The vast majority of people, religious or not, have great difficulty understanding and remembering, let alone articulating, what seems like absurdly nuanced differences between a dizzyingly variety of religious denominations. Whether it be Pentecostals, Adventists, Baptists, or Evangelicals, to name just a few, even those who deeply self-identify with one of these groups are typically hard-pressed to explain the differences between them. But in the end, they all share the same essentially religious worldview, and more importantly a fundamental way of thinking that overwhelmingly influences their collective opinions on a wide range of consequential public policies.

Likewise, we in the secular community have also splintered off into a fair number of our own nonreligious denominations. We have Secularists, Humanists, Secular Humanists, Skeptics, Rationalists, Freethinkers, Agnostics, Atheists and more. Even many of us would be challenged to explain the differences. But just as with religious people, the similarities in our way of thinking makes those differences seem relatively insignificant in the big picture. Our tremendous commonality, in particular our respect for natural reality and human-centered ethics, far outweighs any minor differences between us.

Since our shared secular values are so clear, and since our views stand in such stark contrast to religious thinking, it is especially unfortunate that we do not  do better in showing solidarity, common purpose,  and concerted action to achieve the public policy goals that we all agree with. Goals like freedom from religious extremism, separation of church and state, and secular public education are principles we all hold in common, yet we are needlessly isolated and divided in working toward those shared goals.   We are weakened by this lack of solidarity. Not only does this reduce our apparent numbers but it allows our opponents to “divide and conquer” to counter any numerical advantage we may truly have. Beyond the self-inflicted damage we do by our own segregation, the Right pits us against each other quite successfully. As one example, they typically point to Agnostics and say see, those Agnostics are at least rational. They admit the possibility that god exists. Even Agnostics agree that our belief in god is perfectly rational.

Those Atheists by comparison are far too irrational and unscientific!   In this way our larger secular community is easily divided and collectively diminished. One is pitted against the other to move the middle ground ever further toward the Right.  Just as important as showing solidarity is the need for us to defend our power words. Words shape attitudes and attitudes drive policy. But not just any words. Potent and effective words with the power to influence are relatively rare and precious assets in shaping attitudes and policy.

The Right understands this and has been incredibly successful in dominating the ongoing battle for power words. They create and nurture many of their own power words like “family values.” Even worse, they effectively hijack or co-opt power words from their opponents, effectively taking the sword from their adversary to use against them. Where they cannot coopt the power words of their opponents, they wage unrelenting campaigns to distort and discredit those words, destroying their power. The religious Right has methodically gathered a formidable arsenal of power words like love and patriotism and family and principles and morality.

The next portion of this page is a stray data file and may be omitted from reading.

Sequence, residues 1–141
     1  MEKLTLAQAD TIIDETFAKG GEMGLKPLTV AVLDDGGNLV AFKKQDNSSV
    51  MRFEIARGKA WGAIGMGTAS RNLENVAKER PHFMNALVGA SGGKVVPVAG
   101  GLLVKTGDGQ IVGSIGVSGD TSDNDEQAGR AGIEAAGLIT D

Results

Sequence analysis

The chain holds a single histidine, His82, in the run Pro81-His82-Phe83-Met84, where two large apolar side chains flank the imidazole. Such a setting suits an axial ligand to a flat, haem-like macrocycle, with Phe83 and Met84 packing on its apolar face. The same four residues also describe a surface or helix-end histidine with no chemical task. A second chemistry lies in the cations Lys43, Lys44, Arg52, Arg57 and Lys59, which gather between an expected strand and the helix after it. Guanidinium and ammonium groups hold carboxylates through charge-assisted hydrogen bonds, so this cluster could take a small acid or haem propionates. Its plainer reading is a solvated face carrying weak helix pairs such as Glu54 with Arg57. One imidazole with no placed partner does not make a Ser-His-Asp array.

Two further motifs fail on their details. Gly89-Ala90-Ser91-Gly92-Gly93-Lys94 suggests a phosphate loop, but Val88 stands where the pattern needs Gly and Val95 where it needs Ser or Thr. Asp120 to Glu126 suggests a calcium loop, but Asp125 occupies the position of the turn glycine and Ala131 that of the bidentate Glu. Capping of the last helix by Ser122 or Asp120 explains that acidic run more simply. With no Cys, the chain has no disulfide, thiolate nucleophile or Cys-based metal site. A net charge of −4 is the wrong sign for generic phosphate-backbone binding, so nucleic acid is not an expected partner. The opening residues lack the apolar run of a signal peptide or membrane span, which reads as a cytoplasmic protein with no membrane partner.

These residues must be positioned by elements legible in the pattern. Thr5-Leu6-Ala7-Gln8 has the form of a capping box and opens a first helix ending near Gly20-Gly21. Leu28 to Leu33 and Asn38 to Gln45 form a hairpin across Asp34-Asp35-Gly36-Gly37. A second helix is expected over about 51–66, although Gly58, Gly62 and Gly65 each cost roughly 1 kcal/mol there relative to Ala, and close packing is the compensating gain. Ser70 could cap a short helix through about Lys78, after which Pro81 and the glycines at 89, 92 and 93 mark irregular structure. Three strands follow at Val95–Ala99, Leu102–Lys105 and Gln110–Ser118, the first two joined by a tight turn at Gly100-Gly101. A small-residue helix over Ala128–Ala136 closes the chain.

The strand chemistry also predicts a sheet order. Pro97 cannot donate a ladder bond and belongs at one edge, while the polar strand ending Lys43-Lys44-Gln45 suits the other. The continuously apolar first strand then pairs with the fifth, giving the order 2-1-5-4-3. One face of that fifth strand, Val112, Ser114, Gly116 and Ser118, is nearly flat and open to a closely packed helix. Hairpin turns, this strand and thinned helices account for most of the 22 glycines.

We on the secular side have few if any. Arguably our most potent power word is “Atheism.” No other word on our side has such power to communicate, incite, challenge, and inspire. The religious Right has long understood this and therefore it is natural that, since it cannot be co-opted, they work so hard to discredit it. They campaign tirelessly to make Atheism synonymous with words like extremist, angry, rabid, militant, radical, divisive, and unscientific.  Regardless of your secular denomination, it is in your own self-interest not to allow the Right to subvert and diffuse the power of our strongest secular power word. We should not allow them to convince us that the word Atheist is too divisive and should never be spoken by reasonable people. It is a great strategic loss if we allow them to convince even us that it should be abandoned and shunned in favor of weak, benign words that hold little power to influence minds and passions.

Too many groups have sacrificed their power words, only to fail in their struggle. Those that have embraced their power words, words like “Black” and “Gay,” vigorously, taking pride in them just when their opponents try to weaken them with negative connotations, have succeeded in their larger efforts.  Unfortunately we are too often our own worst enemy and play right into the hands of our opponents. As one example, right now the religious Right is vigorously attacking women and women’s rights. Some women in the liberal community press to eliminate the word “women” for something far more dilute like “people” in order to not offend those who are differently-gendered. Katha Pollitt, among others, has passionately tried to point out the folly of such well-intentioned abandonment. To do so would be like substituting “Black Power” with “People Power.” There is a good reason that the latter is safer and less offensive to anyone, and the reason is that it is totally innocuous, meaninglessly diffuse, and has no power at all. It is critical that everyone who is Pro-Choice, regardless of their gender identification, embrace the label and cause of women in this battle.

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